As a technologist and entrepreneur who's created software to optimize the hiring process, I find myself fascinated by the 2016 presidential election. The media circus atmosphere, the personal attacks, the lack of discussion about substantive issues -- all of it says a lot about how we select our politicians.
In theory, we are hiring a president. There's a vacancy to be filled, and the person selected should be the one who can best perform the job. Yet when we compare the hiring process to this election, it bears very little resemblance to the ideal process of choosing the best candidate for the job.
What if the election worked more like the ideal hiring process?
When a job position opens, the hiring manager first specifies the qualities and competencies the ideal hire will posses. Voters are clear about the issue landscape of the 2016 election: the economy, immigration, the threat of terrorism and banking regulation. Are they equally clear about the talent and skills a president must have to successfully address those issues?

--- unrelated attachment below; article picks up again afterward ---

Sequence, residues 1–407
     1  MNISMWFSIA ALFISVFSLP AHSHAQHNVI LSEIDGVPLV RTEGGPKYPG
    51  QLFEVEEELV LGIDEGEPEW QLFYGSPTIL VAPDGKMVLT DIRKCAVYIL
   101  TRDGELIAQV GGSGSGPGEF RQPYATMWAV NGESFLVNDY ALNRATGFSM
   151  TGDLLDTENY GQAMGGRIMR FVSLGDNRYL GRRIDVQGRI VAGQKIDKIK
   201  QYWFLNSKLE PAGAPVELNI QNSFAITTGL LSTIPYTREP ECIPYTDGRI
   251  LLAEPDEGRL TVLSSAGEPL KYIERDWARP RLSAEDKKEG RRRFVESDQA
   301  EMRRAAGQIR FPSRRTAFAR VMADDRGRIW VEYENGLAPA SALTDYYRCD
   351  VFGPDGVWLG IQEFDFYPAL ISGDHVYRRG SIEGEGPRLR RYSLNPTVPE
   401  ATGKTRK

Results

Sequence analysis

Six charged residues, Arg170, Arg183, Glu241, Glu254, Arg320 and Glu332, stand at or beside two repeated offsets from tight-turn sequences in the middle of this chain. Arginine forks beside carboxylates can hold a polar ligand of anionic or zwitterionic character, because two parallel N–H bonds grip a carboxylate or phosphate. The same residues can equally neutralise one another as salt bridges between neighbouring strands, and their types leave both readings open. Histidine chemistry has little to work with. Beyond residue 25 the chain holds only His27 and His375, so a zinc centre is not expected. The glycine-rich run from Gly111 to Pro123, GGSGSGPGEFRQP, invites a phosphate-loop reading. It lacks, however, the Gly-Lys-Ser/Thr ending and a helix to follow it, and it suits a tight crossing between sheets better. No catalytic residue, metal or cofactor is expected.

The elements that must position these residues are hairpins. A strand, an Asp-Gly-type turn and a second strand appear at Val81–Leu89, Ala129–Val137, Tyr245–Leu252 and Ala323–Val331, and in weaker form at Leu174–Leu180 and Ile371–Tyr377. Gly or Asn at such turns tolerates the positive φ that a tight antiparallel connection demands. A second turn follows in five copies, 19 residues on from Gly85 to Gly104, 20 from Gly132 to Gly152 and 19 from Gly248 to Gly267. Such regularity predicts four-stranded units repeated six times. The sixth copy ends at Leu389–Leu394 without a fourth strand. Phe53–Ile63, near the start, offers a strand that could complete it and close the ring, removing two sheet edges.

In filling a vacancy, the hiring manager assesses each candidate's competencies relative to the issues they'll be addressing. Yet when it comes to elections -- and this election in particular - no one could credibly argue that competencies come first. This campaign season is awash in emotion: fear, hope, resentment, the range of human passions are all in play. Whatever side of the hiring process you've been on - job candidate, hiring manager, or HR -- you know that when emotion is injected into the hiring process, the outcome is pretty much destined to go awry.
A hiring manager can consider every nuance of a candidate's profile, from their quantitative skills to how they handle pressure. Voters, meanwhile must make decisions amidst a barrage of information designed to manipulate our perceptions to elevate one candidate and denigrate others. In this din of electoral propaganda, making an objective assessment of a candidate's qualifications is next to impossible.
As this election cycle unfolds -- or should I say "unravels"? -- focus on who you would vote for if you were making a hiring decision. I guarantee you'll see all the candidates -- and the entire process - in a new, more informative light.